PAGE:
Of course, any serious argument tending toward D.’s rehabilitation will threaten to knock this crutch from under him, which may in part explain the extraordinarily combative tone of the pro-Ephoran polemic dominating his introduction. It was lucky for him that Sacks (see above) went a good deal too far in promoting D. as an original and independent historian. More dangerous are the less extreme claims made by Chamoux, Vial, Goukowski, and other contributors to the Budé Diodorus project, e.g. on the vexed question of D.’s prefaces. As Chamoux observes7 apropos those to Bks xiv and xv, D. had, in both of these, easy and obvious pegs — the regime of the Thirty, Sparta’s brutal postwar politics — on which to hang a moralising exordium in line with his general attitude throughout the Bibliotheke : he didn’t need to crib them from other sources. But of course the central problem here is St.’s confidence in Ephoros as D.’s main, indeed near-unique, source for Bk xv: how well does the claim stand up? If no worse, certainly no better than any other exercise in Diodoran Quellenforschung. As Delfino Ambaglio recently remarked,8 though the practice has its uses, nevertheless when one passage of D. can be claimed for no fewer than five different sources, it’s hard not to conclude that at least four-fifths of the industry is going nowhere. When we consider the specific case of Bk xv and Ephoros, this suspicion is amply confirmed. Indeed, it might be thought that it is only the distinguished list of scholars who have bought into it — more often, one suspects, by trusting each other’s auctoritas than by reading D. with care — that has kept the theory alive.
The extreme fragility of this house of cards can be gauged at once from a perusal of Jacoby’s collection of Ephoran texts ( FGrH IIA 70, pp.37-109). There are few unquestionable fragments, and such as there are come from sources like Athenaeus and Stephanos of Byzantium rather than D. It is clear that D. did use Ephoros, but hard evidence for Ephoros being his constant source simply does not exist: D. does no more than mention him, casually and infrequently, just as he mentions other writers for Bk xv, including Aristotle, Duris, Philistos and Xenophon (comparable to the naming of Herodotos, Thucydides, Theopompos and Timaios in Bks xi-xiv). The passion for source-hunting has produced a whole linked chain of speculation based on nothing more solid than debatable probabilities. St. is arguing, like a Greek speech-maker,
1. Jonas Palm, Über Sprache und Stil des Diodors von Sizilien: Ein Beitrag zur Beleuchtung der hellenistischen Prosa (Lund 1955), 62-63. See also Chamoux (below no.2, xxv-vi) for a useful bibliography.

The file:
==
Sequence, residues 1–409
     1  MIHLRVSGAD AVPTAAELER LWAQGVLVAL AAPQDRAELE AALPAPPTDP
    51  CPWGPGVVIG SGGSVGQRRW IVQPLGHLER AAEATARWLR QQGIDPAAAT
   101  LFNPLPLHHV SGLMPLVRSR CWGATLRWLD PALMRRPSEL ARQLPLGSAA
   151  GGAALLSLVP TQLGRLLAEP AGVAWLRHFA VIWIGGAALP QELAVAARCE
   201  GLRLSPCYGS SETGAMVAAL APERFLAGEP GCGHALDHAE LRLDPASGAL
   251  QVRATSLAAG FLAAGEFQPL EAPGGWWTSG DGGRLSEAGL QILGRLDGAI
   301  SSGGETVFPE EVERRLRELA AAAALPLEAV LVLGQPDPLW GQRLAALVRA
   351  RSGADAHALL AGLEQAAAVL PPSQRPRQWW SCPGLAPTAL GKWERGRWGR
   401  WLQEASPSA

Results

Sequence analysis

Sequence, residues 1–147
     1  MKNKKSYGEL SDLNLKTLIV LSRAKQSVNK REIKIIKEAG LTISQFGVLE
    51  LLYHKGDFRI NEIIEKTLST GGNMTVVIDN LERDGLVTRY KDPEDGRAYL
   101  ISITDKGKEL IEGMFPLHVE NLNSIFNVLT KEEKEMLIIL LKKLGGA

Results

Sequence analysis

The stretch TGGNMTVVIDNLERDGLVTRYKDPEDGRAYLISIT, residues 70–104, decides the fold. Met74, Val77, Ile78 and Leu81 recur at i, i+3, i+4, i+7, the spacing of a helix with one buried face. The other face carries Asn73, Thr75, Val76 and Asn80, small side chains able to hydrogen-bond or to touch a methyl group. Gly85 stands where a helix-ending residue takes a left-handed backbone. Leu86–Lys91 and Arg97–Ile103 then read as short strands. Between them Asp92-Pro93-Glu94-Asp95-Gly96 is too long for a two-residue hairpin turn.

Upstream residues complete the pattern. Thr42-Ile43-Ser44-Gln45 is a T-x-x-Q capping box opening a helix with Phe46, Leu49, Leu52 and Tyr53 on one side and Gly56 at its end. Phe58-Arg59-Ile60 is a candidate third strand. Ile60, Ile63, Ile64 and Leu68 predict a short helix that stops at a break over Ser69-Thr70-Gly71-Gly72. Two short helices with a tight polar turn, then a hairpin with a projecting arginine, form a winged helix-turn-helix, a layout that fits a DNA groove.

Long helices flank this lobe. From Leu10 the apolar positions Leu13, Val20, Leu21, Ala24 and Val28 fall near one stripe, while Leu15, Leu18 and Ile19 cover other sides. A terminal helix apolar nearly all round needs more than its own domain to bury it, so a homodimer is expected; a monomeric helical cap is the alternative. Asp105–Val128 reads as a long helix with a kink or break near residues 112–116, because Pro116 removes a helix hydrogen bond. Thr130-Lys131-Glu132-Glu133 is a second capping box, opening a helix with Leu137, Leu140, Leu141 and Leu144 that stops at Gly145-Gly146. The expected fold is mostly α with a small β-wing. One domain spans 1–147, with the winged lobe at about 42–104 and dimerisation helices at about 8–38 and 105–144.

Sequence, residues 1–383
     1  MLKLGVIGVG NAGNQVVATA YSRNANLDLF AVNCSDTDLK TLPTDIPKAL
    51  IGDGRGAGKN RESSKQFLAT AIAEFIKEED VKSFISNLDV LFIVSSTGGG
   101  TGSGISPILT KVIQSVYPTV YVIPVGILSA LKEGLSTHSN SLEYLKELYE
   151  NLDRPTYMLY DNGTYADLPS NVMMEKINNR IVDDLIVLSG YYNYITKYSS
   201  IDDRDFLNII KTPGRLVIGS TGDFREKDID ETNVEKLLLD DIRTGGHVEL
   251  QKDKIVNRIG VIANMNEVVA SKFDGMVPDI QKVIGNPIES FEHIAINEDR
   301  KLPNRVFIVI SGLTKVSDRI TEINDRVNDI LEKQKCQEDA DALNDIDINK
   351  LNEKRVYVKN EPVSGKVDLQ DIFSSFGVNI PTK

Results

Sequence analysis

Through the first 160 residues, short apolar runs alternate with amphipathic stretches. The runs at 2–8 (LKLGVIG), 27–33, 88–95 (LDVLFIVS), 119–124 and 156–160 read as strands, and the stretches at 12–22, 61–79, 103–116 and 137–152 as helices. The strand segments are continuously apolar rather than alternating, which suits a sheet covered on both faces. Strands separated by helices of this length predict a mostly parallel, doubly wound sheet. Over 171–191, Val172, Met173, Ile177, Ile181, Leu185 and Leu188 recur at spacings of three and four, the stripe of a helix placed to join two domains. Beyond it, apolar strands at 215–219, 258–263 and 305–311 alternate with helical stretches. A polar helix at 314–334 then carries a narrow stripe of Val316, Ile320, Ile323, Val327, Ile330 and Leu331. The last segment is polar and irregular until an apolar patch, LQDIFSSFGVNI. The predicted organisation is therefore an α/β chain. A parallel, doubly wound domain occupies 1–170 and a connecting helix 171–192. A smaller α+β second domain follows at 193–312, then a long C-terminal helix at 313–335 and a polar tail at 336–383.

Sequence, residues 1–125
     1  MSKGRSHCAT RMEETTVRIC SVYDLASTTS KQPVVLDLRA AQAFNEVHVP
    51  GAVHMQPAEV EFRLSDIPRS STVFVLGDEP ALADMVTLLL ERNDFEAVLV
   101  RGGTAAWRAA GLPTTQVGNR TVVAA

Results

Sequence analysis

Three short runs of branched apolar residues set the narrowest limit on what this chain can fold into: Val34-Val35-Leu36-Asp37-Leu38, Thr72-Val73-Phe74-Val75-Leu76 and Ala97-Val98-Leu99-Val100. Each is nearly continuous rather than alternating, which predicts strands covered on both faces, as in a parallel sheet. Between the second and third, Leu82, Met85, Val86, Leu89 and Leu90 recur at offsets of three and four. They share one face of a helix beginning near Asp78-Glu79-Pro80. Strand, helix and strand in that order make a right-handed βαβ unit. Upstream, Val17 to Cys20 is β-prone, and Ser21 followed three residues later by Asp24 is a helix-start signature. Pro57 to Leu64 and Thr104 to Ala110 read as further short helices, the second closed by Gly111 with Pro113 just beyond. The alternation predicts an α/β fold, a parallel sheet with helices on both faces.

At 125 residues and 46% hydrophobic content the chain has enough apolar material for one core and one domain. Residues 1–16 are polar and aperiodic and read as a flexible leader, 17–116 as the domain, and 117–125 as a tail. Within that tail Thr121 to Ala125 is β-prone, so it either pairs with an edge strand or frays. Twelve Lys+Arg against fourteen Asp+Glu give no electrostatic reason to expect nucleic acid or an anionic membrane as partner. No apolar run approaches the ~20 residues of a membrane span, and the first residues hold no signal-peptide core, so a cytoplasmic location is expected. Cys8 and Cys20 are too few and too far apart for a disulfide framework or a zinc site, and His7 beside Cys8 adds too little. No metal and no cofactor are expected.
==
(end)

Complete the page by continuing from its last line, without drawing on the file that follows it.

2. See, e.g., François Chamoux’s remarks in his general introduction to the Budé Diodorus project, Diodore de Sicile: Bibliothèque Historique, Livre I (Paris 1993) liii: ‘Il n’y a aucune raison, sinon le préjugé défavorable qui entretient à son sujet une défiance de principe, pour prétendre que cette affirmation est mensongère.’
3. Claude Vial, Diodore de Sicile, Bibliothèque Historique Livre XV (Paris 1977), xv. Vial also observes, with good reason (p. x), that ‘les recherches sur l’origine du texte de Diodore doivent céder le pas à l’étude de ce texte, considéré comme une source pour l’historien d’aujourd’hui.’
4. ibid. p. xiii: ‘[C]es omissions sont beaucoup moins nombreuses et moins graves que celles que l’on peut relever dans la partie correspondante des Helléniques de Xénophon.’ Her overall analysis of Bk xv is admirably balanced, and I am much indebted to it.
6. See Isocr. 8.117-9 for a moralising theory of why the Megarians, lacking good land, were so wealthy (
7. Chamoux (above, n. 2), pp. xxxix-xl: ‘Il n’y a aucune raison pour supposer que Diodore était incapable de les concevoir par lui-même: elles répondent parfaitement à l’inspiration générale de son oeuvre.’ cf. also p. lvii.
8. Delfino Ambaglio, La Biblioteca Storica di Diodoro Siculo: Problemi e Metodo (1995) p. 9: ‘… di fronte all’ attributazione di uno stesso passo a cinque fonti diverse … sembra difficilmente evitabile la conclusione che per un (probabile) pezzo di Quellenforschung buona ce ne sono quattro (sicuri) di cattiva.’